A Busy Start To The Year
Brenton Skaing Plaza at night
The City of Des Moines is officially well into 2022, and there are a lot of projects picking up steam. From everyone's favorite season, Pothole Season, the start of the Northside Community Recreation Center Storytelling Project, bridge construction, and the annual Tiny Trees event, there is a lot to cover in this edition of the Neighborhood Update.

Due to the continued transmission of COVID-19, our face-covering requirement in City buildings is still in effect. As we do each month, we encourage you to get your vaccine shot if you have not already.

The State of Iowa vaccine website recently went offline, so we have compiled a list of information on the City website to help direct residents to free home testing kits, testing sites, and other medical services. We compile and update this website page as frequently as possible to make sure the information stays accurate.

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Pothole Work Begins as Spring Nears
Public Works Crew works to patch a pothole along University Avenue as the weather warms up.
Warmer weather has reached Des Moines this month, leading the Public Works Department to shift gears earlier than usual to begin addressing potholes throughout the City. Rising daytime temperatures coupled with freezing overnight lows present a recipe for potholes to puncture Des Moines streets.

"The freeze and thaw cycle we're set up for allows water to seep into cracks before it freezes and expands, picking away at our streets," Public Works Director Jonathan Gano said. "We've already seen an increase in pothole reports, and we expect that number to soar with the weather we're expecting."

Public Works crews are out patching potholes in Des Moines streets with a cold mix asphalt blend that will help patch Des Moines streets until the weather improves enough to use a hot mix asphalt this spring and summer.

"Reporting potholes is a key to helping our crews identify problem areas and fix them quickly," Gano said. "We aim to complete pothole fixes within 24-48 hours of receiving a report, although the response time could be slightly slower during peak times."

Residents are encouraged to report any problem potholes they encounter by calling the 24/7 Public Works Customer Service Center at 515-283-4950 or on the MyDSMmobile App, where users can report precise locations throughout the City.
A Northside Community Recreation Center Storytelling Project

The City of Des Moines is pleased to announce The Storytelling Project - a dynamic digital initiative in conjunction with the proposed North Side Community Recreation Center. The Storytelling Project aims to capture the culture and spirit of the community through the collection and documentation of voices, stories, artifacts, and history.

The City, in collaboration with Des Moines-based Invictus Media, will generate a series of videos that pair personal interviews with archival images to evoke memories of the North Side Community Recreation Center site. These reflective impressions may span many years - from the original Dowling High School campus, through the "Old Dowling" and Model City Community Centers - to the present-day Grubb YMCA, as well as a look into the future.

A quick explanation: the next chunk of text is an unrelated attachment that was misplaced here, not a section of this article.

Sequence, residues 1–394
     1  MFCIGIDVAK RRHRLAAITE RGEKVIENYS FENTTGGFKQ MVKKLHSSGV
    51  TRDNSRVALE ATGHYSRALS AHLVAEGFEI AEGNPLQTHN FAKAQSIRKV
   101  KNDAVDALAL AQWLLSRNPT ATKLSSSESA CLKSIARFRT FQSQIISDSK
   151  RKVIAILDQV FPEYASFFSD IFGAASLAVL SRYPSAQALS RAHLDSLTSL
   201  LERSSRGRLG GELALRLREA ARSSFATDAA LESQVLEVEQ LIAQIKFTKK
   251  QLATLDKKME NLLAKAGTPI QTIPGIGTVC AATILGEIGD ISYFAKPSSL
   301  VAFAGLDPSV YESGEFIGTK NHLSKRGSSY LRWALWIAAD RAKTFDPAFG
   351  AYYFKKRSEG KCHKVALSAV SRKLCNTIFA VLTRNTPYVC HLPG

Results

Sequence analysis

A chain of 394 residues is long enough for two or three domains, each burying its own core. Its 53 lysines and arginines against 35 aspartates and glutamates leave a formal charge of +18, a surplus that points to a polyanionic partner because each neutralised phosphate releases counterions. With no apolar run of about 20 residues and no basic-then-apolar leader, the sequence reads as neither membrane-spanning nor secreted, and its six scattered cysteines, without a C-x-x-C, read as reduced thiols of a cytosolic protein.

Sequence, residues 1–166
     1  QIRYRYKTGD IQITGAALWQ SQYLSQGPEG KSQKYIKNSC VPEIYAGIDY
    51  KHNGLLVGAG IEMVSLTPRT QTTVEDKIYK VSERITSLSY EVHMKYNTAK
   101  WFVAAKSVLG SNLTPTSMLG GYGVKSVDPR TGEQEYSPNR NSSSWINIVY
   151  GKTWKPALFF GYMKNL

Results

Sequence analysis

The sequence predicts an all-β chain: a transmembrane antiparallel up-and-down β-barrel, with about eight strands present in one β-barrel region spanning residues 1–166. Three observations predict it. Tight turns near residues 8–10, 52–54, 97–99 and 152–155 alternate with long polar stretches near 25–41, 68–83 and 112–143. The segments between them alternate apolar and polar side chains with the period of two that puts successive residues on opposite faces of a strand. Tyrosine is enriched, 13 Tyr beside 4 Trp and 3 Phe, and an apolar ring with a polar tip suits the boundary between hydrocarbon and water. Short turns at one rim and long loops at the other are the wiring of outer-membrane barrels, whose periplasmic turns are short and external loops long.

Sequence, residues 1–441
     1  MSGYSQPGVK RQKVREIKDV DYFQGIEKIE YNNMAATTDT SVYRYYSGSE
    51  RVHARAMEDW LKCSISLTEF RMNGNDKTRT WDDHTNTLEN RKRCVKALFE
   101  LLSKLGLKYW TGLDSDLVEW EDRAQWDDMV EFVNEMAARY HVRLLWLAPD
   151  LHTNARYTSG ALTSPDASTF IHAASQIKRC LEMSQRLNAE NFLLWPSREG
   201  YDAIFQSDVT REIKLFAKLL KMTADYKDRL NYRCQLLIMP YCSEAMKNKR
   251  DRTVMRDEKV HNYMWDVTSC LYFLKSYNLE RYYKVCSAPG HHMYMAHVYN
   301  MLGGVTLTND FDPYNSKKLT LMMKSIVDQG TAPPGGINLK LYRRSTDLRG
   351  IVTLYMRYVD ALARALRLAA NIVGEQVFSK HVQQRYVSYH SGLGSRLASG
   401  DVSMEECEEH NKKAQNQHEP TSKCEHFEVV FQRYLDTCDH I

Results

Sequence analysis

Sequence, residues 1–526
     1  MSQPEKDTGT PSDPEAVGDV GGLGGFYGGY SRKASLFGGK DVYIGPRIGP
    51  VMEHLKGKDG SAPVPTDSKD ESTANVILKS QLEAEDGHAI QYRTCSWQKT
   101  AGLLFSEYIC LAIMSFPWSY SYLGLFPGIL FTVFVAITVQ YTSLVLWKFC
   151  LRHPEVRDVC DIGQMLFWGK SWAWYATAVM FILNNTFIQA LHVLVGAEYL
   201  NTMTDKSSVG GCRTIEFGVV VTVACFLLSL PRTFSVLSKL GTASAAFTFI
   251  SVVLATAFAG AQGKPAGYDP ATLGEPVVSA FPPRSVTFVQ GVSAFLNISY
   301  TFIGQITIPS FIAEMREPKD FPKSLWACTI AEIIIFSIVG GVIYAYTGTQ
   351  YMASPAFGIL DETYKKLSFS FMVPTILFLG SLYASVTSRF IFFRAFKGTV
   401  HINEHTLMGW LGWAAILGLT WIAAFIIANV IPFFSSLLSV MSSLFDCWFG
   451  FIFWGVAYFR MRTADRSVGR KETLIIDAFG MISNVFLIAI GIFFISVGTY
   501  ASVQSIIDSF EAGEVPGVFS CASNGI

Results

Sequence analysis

The Storytelling Project will officially launch at the public meeting of the North Side Community Recreation Center at 1611 11th Street, Des Moines on Thursday, February 17 at 5:30 p.m.

How can you contribute?

  • Photographs and artifacts: Do you have meaningful photographs or memorabilia that will help tell the story of this place? If so, please bring these items to the February 17 or March 24 planning meeting for the North Side Community Recreation Center, or contact us to arrange collection before April 1. These artifacts will be documented into a digital archive and then safely returned to you.
  • Interviews: Are you interested in sharing your stories? Whether you have a little or a lot to say, your voice is meaningful, and we want to hear from you.

How will The Storytelling Project videos be used?

The goal of the project is to document the rich and diverse experiences of community members through their own voices so that these perspectives may be embedded in the project throughout future phases. During the design and construction phases, The Storytelling Project may be used as part of the design process to integrate the voices of the community into the physical elements of the facility itself.

During subsequent operations and programming, The Storytelling Project may be used within the facility to serve as a reminder and inspiration for future generations of users. During the fundraising phase, The Storytelling Project may be used to illustrate the significance and value of the project.

If you are interested in contributing to The Storytelling Project but are unable to attend the February 17 meeting, place contact JenniferKathryn King with Invictus Media at (816) 922-0542 or jkk@invictusmediadsm.com.